I read an interesting thing the other day. It is an important story. I’ve written about it a fair amount myself: this war of expectations that we seem hell bent on waging on our mainstream schools. We set the bar in terms of exam (or end of Key Stage Test) results high (in the name of raising expectations and closing gaps), we orate on the subject of banishing the soft bigotry of low expectations from our schools up and down the land, and yet on the other hand, we demand, indeed, it is enshrined in law, that there is a presumption of inclusion – that all those difficult to teach kids, all the ones with tricky behaviour (and I’m not going to go into the reasons for that right now), all those ones with real, big, brainy type reasons that learning is so difficult to do, are educated cheek by jowl with the most academic.
We seem to like the idea of inclusion. As a parent I certainly do. Yesterday it was Sam’s birthday, and he and a bunch of his mates from school (some of whom are now at their local colleges and doing very well) went ten pin bowling. They had lunch together and then a game, and they had a really great time. We were looked after by a young woman (who was rather run off her feet) who, when she first saw them, was a little bit unsure of herself. I prepared myself to step in as interpreter, but then something rather magical happened.
She sidled up to me, and she whispered in my ear, “Excuse me, but did that boy,” she pointed to one of Sam’s friends, “did he go to ——- Primary School?” It turns out that so did she. She used to play with him when he was little and she was in Year 6. It turns out we know her brother. She relaxed and breezed about, full of confidence – and everyone carried on having a great time.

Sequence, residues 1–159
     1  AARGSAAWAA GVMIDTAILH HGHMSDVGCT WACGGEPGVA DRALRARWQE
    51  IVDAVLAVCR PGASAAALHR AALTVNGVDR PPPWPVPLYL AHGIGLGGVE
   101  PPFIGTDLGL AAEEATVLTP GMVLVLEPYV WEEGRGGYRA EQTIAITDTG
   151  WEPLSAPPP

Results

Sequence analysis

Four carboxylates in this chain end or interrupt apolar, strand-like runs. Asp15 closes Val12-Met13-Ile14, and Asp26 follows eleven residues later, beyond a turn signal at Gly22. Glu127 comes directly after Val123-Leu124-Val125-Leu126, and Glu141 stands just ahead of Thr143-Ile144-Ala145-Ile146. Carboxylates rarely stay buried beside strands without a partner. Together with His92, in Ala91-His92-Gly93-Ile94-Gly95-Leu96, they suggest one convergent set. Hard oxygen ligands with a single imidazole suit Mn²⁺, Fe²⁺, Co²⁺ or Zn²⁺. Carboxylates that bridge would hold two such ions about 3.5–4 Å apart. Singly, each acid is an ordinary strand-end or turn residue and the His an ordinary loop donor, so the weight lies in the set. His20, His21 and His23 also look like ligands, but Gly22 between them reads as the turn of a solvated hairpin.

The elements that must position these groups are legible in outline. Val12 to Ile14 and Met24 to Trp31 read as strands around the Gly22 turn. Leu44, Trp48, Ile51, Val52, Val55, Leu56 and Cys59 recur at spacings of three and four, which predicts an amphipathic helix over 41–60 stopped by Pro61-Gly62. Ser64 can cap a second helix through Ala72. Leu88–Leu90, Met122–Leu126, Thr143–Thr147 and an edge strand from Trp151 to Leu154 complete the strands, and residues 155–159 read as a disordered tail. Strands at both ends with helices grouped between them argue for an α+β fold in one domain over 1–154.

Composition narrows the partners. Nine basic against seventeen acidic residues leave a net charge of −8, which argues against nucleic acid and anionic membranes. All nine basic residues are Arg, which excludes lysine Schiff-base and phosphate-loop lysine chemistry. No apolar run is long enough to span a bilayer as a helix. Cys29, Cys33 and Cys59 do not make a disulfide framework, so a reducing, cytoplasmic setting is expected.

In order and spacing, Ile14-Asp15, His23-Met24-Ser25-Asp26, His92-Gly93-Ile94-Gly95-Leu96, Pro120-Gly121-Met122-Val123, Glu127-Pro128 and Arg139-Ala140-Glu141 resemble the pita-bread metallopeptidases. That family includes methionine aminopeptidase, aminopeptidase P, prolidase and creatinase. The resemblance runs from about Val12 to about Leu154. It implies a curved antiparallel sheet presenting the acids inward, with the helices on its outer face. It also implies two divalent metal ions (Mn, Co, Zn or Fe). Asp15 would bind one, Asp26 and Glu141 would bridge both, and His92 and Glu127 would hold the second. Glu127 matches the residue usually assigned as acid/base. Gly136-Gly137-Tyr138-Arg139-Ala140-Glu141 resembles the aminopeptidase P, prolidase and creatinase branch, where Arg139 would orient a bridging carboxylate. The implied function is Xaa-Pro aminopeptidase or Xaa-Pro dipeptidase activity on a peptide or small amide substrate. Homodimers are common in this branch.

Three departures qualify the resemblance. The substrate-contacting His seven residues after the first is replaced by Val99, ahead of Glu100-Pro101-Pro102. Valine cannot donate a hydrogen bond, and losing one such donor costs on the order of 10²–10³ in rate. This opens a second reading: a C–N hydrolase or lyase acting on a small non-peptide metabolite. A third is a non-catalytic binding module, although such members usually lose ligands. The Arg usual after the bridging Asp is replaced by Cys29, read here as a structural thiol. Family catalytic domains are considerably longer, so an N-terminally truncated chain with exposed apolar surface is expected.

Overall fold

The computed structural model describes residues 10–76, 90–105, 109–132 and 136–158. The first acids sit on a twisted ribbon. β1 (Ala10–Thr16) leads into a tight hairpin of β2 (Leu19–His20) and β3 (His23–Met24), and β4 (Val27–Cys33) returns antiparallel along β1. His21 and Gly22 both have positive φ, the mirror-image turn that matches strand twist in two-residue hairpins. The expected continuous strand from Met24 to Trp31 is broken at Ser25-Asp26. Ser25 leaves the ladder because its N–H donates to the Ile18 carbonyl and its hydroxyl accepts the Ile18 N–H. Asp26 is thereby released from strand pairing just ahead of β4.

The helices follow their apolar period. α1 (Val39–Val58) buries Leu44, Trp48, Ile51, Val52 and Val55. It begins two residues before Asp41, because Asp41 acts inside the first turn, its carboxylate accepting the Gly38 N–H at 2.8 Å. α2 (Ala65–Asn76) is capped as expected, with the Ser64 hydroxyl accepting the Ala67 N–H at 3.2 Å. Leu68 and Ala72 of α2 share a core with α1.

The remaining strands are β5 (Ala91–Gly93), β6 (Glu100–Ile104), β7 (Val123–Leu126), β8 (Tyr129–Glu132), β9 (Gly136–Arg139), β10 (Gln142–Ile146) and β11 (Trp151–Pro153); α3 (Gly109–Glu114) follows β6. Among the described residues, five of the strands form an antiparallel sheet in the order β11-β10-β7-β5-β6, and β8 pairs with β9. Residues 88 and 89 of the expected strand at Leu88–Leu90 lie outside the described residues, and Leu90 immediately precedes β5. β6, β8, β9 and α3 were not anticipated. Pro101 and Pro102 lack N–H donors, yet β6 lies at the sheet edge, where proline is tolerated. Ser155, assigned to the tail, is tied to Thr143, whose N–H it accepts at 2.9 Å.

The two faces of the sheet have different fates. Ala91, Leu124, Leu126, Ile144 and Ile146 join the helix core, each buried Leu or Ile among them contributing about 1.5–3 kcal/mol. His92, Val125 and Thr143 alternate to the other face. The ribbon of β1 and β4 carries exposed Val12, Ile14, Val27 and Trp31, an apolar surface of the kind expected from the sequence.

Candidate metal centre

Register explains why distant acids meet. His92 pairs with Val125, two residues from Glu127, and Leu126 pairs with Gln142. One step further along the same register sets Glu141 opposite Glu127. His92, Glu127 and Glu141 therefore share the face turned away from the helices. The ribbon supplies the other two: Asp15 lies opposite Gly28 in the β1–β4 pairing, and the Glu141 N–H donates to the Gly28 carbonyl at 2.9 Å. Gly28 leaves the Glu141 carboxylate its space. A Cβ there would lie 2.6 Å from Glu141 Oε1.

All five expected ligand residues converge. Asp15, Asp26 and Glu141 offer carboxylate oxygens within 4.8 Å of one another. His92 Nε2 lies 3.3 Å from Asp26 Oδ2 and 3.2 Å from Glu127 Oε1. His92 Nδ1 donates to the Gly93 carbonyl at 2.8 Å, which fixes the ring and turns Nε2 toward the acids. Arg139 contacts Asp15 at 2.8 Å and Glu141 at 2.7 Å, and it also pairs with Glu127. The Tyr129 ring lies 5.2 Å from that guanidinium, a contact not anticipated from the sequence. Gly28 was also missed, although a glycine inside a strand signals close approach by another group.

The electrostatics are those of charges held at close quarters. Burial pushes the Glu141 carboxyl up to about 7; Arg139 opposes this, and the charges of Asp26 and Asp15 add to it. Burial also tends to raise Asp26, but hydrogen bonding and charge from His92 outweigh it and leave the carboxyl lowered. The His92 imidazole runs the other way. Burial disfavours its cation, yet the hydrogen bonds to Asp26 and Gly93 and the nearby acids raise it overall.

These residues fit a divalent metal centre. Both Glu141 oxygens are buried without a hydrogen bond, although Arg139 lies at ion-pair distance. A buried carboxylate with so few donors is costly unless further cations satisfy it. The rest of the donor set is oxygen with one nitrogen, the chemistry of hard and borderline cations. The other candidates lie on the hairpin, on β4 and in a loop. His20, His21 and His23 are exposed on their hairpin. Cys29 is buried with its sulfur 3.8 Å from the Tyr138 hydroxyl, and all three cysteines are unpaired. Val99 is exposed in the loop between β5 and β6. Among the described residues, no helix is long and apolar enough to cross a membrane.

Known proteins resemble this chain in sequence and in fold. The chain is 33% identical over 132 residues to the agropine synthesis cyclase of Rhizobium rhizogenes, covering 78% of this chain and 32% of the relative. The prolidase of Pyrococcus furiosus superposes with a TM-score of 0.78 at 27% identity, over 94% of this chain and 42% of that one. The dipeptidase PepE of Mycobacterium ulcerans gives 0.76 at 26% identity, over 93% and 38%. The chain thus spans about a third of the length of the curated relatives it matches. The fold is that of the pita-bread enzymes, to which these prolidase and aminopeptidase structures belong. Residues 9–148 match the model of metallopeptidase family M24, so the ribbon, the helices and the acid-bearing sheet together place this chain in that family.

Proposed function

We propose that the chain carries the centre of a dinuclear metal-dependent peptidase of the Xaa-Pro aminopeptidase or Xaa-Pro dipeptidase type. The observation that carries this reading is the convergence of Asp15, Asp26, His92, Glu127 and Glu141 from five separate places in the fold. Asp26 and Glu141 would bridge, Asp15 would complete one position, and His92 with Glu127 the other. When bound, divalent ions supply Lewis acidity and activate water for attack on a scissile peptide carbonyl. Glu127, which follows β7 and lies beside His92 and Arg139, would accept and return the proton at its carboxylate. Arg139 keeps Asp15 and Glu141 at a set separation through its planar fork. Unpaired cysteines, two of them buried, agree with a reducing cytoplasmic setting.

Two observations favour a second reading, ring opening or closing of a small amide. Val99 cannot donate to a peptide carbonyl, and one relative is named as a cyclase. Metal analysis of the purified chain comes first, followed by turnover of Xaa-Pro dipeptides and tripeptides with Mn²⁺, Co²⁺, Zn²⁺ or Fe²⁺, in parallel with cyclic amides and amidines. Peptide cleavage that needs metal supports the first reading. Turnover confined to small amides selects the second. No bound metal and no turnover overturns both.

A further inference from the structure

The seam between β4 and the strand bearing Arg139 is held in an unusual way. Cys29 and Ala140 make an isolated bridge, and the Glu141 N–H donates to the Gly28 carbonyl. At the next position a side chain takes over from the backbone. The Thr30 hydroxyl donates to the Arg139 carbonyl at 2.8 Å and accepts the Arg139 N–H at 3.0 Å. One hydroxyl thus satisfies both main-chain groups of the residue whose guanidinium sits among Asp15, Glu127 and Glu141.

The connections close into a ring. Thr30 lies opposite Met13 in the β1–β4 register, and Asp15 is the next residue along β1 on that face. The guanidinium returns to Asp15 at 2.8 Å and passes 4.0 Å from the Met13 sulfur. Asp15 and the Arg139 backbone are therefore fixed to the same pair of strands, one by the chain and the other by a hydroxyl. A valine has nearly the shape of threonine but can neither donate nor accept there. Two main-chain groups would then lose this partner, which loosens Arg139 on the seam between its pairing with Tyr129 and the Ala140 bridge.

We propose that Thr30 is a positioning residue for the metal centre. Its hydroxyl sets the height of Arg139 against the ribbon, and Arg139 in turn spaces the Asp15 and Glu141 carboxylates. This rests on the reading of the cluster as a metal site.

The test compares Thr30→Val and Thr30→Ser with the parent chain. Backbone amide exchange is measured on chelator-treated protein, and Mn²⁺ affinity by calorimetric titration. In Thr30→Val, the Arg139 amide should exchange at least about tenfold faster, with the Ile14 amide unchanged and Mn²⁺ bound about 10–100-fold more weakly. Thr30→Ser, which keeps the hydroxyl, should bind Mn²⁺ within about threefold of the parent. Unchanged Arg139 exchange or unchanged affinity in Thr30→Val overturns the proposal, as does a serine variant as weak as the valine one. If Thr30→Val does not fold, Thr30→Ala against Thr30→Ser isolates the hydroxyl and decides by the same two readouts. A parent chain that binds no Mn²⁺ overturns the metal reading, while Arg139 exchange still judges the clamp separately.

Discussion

Social inclusion is important. It allows moments like these to happen. Fear of disability is reduced in the typical population, and, as a result, birthday parties like Sam’s go with a bang, rather than ending in tears. (And believe me, birthday parties are a Big Deal.) As a society, our inclusive education policy seems to me to stand as a testament to who we like to think we are – the kind of community we like to think that we are building. It makes us feel good about ourselves.
And yet. There it is. Exam Results Matter. And it seems they matter more.
They matter so much that these inconvenient children, you know, the ones who, despite all our hard work, all their hard work, despite all the interventions, all the special groups, all the input and nurture and all the everything we do, are shuffled off out of the way before they can do any damage to the position in the league table. Who’d have thought it?
But this isn’t the thing that really interests me (despite the fact that my name is in it – thank you @fredamoya for pointing it out!). No, the thing that really gets me going is this:
This is a really big story. It’s a really important story. It affects us all and I, for one, am glad that the education media are picking it up.
But let’s face it, it’s going to be an uphill struggle to get the story a higher profile. After all these years, we are too used to the big school stories being about failing teachers and failing schools. Teacher-bashing has been the thing you read in newspapers for as long as I can remember. There hasn’t been a positive story in the mainstream media for years.**
And, of course, the stories we want to hear about SEND are the cockle warming stuff of inspiration porn. The sort of story I have just told you. Despite the damning figures we don’t seem to want to hear about the other sort, where the policies that we all agree are A Good Thing act against the interests of the most vulnerable.
Our politicians and policy makers don’t want to be told that their actions are causing the problem. They’d rather it was us.
**Thank you TES for turning the trend.